38. A device according to claim 29, wherein each of said portions of the interlayer insulating film is exposed in a gap between two adjacent transparent pixel electrodes.
39. A semiconductor device comprising:
a semiconductor layer formed over a substrate;
a gate electrode adjacent to the semiconductor layer with a gate insulating film interposed therebetween;
an interlayer insulating film formed over the semiconductor layer and the gate electrode;
a pixel electrode formed over the interlayer insulating film, the pixel electrode electrically connected to the semiconductor layer; and
a diamond-like carbon film formed over the pixel electrode;
wherein the pixel electrode comprises aluminum.
40. A device according to claim 39, wherein said interlayer insulating film comprises a material selected from the group consisting of silicon oxide, polyimide, polyamide, polyimideamide, and acrylic.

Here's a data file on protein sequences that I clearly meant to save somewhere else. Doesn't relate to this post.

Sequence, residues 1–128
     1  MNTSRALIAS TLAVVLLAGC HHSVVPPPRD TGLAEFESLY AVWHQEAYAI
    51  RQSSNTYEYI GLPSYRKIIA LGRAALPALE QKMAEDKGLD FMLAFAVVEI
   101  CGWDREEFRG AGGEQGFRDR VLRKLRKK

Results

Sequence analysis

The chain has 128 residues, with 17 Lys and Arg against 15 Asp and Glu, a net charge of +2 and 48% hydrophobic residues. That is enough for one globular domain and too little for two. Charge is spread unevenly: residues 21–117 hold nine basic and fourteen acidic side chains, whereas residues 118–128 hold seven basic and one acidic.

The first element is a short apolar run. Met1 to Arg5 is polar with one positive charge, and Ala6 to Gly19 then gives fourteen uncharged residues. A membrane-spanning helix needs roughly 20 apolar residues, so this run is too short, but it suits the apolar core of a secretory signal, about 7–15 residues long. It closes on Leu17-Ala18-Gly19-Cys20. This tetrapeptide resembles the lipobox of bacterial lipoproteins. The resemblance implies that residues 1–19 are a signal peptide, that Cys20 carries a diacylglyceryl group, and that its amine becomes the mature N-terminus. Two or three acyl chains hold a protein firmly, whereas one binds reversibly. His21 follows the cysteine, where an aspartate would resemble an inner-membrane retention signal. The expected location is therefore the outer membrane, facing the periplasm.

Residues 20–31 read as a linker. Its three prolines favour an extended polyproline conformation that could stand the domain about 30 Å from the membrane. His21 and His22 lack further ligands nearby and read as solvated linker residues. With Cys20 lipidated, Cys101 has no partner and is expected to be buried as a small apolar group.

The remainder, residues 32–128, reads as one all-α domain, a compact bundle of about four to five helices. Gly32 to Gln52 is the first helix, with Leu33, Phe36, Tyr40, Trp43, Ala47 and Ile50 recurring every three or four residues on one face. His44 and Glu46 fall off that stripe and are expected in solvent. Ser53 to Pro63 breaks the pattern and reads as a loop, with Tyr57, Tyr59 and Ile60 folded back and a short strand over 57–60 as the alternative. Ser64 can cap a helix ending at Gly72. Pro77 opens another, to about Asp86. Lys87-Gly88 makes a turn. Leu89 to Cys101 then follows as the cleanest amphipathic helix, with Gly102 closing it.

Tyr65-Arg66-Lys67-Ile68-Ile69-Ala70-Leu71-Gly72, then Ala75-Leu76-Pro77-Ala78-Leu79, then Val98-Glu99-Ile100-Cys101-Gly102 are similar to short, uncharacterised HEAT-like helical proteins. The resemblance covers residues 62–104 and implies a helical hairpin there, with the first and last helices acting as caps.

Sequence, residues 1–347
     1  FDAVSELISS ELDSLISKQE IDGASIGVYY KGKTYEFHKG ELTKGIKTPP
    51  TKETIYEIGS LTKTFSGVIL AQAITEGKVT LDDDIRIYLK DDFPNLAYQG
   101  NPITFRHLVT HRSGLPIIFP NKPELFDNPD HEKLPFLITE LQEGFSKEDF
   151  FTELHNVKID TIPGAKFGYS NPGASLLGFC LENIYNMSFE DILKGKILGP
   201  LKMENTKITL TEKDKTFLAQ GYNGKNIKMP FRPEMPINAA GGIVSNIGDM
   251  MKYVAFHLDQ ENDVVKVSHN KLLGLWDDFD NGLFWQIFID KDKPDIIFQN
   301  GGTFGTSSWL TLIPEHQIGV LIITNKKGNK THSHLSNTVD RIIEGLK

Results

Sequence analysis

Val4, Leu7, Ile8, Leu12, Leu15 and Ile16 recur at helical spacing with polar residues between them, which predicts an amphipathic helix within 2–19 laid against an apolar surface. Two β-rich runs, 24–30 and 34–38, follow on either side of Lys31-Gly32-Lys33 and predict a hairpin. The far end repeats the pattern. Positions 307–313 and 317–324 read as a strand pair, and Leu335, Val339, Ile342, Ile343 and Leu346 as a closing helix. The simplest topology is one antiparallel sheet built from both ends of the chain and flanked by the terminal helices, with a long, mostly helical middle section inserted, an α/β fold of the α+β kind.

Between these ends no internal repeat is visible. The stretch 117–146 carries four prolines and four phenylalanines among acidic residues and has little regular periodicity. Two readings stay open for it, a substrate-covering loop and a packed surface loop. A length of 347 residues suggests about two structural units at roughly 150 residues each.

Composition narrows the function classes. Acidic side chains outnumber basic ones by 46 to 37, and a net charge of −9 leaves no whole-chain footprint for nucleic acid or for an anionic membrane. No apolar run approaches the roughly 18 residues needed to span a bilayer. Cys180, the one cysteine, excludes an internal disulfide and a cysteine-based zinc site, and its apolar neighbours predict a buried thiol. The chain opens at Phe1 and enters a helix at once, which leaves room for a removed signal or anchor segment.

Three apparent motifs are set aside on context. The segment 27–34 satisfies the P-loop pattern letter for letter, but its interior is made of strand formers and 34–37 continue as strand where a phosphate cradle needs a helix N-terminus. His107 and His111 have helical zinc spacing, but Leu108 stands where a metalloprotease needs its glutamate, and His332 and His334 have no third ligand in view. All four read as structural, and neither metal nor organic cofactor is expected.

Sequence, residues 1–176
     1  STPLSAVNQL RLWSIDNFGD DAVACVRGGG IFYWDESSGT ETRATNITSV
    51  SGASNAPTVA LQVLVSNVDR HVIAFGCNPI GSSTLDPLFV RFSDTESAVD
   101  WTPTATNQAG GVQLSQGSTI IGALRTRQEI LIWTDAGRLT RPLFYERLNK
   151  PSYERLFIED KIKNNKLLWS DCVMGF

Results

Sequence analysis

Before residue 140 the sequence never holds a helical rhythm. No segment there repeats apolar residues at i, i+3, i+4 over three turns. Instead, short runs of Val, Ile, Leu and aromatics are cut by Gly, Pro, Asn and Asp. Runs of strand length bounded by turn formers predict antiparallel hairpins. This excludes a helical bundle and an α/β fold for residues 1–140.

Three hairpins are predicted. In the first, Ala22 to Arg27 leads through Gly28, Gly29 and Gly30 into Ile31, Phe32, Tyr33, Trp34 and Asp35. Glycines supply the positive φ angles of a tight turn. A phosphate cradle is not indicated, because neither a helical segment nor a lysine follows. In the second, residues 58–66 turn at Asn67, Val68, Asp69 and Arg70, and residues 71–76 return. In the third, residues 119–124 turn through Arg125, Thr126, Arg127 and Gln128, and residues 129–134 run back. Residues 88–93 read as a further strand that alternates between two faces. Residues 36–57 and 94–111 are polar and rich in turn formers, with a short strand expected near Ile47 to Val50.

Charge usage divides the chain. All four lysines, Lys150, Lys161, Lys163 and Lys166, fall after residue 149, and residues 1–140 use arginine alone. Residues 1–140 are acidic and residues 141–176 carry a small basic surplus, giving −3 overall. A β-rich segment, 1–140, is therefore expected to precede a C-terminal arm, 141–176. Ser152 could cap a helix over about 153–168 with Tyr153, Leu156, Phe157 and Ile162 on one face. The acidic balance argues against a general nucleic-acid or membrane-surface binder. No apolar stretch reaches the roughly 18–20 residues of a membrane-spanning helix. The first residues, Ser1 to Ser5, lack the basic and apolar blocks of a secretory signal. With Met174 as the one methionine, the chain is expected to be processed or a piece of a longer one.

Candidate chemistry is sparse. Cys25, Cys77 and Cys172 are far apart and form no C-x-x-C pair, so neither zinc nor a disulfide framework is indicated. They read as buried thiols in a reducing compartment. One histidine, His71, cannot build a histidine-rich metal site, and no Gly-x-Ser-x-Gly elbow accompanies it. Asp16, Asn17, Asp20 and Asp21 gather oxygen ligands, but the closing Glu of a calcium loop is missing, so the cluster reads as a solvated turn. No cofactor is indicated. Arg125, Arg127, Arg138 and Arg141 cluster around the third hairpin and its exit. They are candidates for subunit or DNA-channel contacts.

41. A device according to claim 39, wherein said semiconductor device is an electro-optical device selected from the group consisting of a video camera, a still camera, a projector, a head-mounted display, a car navigation apparatus, a personal computer, a portable information terminal, a mobile computer, and a cellular telephone.
42. A semiconductor device comprising:
a semiconductor layer formed over a substrate;
a gate electrode adjacent to the semiconductor layer with a gate insulating film interposed therebetween;
an interlayer insulating film formed over the semiconductor layer and the gate electrode;
a pixel electrode formed over the interlayer insulating film, the pixel electrode electrically connected to the semiconductor layer; and